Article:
The way it works is simple. The admin for a site signs a message that "pins" a given public key to the domainname. This message is delivered by an SSL extension or appended to the SSL cert chain (a hack, but requires no protocol changes).
The pin message states that the public key won't change for a given period. If it changes, a rogue CA has issued a different cert and you are under attack. The browser will reject the session.
The admin can "break" the pin early by signing another message, distributed the same way. Then they can re-pin a new cert. This allows certificate mobility, fully under the control of each site admin.
This accomplishes the same goal as whole-cert pinning (as practiced in Chrome), but with many advantages. First, when you pin the cert (not public key), you don't allow for CA mobility. So if you keep the same server key but get a new cert, this appears to be an attack. Second, you have to notify Google and wait for them to issue a browser update when you do get a new cert. This is complicated and too costly.
Whole-cert pinning is used extremely rarely (not even all top 500 sites) and will never gain widespread adoption.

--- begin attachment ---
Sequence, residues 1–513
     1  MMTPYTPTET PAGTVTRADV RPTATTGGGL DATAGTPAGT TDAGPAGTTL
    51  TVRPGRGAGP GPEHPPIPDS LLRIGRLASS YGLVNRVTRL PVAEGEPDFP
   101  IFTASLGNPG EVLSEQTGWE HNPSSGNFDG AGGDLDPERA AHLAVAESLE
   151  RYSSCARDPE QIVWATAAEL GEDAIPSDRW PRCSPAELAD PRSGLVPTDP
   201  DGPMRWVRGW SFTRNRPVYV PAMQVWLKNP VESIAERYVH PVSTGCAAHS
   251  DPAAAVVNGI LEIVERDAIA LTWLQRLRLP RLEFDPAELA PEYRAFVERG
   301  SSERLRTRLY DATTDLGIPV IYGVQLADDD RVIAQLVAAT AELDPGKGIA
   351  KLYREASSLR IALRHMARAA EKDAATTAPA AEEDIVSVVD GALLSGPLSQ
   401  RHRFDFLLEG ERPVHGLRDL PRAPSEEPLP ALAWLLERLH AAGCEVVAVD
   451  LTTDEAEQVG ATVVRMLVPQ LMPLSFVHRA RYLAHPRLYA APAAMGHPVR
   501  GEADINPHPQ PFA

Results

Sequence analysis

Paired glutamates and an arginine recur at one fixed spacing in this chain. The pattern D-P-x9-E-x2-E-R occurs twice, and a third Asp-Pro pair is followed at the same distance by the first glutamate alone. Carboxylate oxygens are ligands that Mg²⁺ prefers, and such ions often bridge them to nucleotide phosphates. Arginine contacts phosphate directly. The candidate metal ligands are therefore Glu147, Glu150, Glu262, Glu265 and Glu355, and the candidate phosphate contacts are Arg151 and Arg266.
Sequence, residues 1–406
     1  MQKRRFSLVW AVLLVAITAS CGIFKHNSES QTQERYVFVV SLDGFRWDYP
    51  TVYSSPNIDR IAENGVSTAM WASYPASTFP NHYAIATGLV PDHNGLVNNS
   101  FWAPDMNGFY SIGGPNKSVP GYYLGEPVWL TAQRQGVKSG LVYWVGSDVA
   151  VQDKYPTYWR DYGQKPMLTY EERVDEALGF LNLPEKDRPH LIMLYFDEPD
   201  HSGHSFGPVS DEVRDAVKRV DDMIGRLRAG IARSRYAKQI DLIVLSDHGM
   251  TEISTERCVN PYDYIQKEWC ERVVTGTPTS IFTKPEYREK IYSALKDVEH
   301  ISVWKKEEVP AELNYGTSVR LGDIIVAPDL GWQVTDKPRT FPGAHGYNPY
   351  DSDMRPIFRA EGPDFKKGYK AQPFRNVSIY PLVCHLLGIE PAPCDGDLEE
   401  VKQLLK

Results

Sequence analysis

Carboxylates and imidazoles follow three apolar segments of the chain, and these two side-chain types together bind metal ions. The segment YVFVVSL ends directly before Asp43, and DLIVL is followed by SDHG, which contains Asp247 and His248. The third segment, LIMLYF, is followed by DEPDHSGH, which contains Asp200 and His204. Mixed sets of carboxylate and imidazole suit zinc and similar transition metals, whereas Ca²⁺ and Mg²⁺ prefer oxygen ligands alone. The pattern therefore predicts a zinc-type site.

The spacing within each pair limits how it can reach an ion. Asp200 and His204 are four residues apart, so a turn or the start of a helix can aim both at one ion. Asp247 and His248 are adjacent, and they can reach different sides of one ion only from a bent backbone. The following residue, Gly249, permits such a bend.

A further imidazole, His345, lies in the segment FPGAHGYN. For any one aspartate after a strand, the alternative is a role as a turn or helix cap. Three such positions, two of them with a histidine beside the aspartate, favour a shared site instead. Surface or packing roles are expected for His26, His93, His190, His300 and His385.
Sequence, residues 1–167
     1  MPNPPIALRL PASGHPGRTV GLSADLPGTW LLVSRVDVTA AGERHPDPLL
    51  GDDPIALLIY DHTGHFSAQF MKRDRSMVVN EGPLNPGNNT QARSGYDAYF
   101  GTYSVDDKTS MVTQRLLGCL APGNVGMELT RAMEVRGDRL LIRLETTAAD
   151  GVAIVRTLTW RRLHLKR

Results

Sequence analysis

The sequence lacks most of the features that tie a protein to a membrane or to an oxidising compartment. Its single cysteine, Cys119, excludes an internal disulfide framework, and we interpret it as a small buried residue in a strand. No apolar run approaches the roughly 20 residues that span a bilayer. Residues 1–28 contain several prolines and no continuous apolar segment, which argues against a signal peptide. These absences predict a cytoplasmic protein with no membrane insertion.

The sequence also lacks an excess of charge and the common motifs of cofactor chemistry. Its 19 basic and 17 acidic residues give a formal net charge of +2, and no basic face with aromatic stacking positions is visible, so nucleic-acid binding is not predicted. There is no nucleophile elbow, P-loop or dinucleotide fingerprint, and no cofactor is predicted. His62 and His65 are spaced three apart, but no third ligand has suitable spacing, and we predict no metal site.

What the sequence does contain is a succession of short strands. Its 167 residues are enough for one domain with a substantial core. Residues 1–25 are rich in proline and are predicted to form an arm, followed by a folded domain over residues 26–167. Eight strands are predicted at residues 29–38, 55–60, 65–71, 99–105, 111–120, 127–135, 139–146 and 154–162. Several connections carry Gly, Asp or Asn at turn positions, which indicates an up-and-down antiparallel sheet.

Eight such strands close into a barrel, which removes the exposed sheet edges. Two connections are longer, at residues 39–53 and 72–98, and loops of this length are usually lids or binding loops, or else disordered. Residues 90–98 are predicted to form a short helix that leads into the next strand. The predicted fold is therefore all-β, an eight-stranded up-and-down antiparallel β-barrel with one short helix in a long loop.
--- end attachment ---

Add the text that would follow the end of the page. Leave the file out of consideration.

TACK is an extremely simple protocol, and the messages are tiny. It is very well-designed, and the site has working code on Github in addition to the Internet draft.
Trevor and Moxie are doing great things, so please do all you can to support them in this. It really is one of the few initiatives in recent times to have a huge impact on your family's actual security, as well as dissidents in countries like Iran.
EDIT: It's difficult to find a confirmation online, but I recall that Public Key Pinning is already live in Chrome, starting with version 18.
The criticism of Chrome's pinning is still valid though. The pinned key is allowed to show up anywhere in the cert chain, not just at the leaf certificate. Also, they have to pin several CAs, as well as multiple keys per CA to deal with sub-CAs.
> When a client sees a new hostname and TACK key combination, an inactive pin is created. Every subsequent time the client sees the same pin, the pin is "activated" for a period equal to the timespan between the first time the pin was seen and the most recent time, up to a maximum period of 30 days.
But this means failing to protect in many cases where protection is possible.
If a pin is seen once, then any future certificate without that pin should generate a warning, immediately and forever. If there is reason to suspect that a tack is invalid (say, because it's very old), then soften the warning message. (This would probably mean that a domain has changed owners. In that case, I want to at least clear cookies for that domain, and would appreciate a warning and an easy user interface for doing so.)
And if I visit a site exactly twice, I see a tack the first time, and I don't see it the second time, then regardless of whether it was an attack the first time and is okay now, or was okay the first time and is an attack now, I absolutely must know because that is not something that will happen legitimately.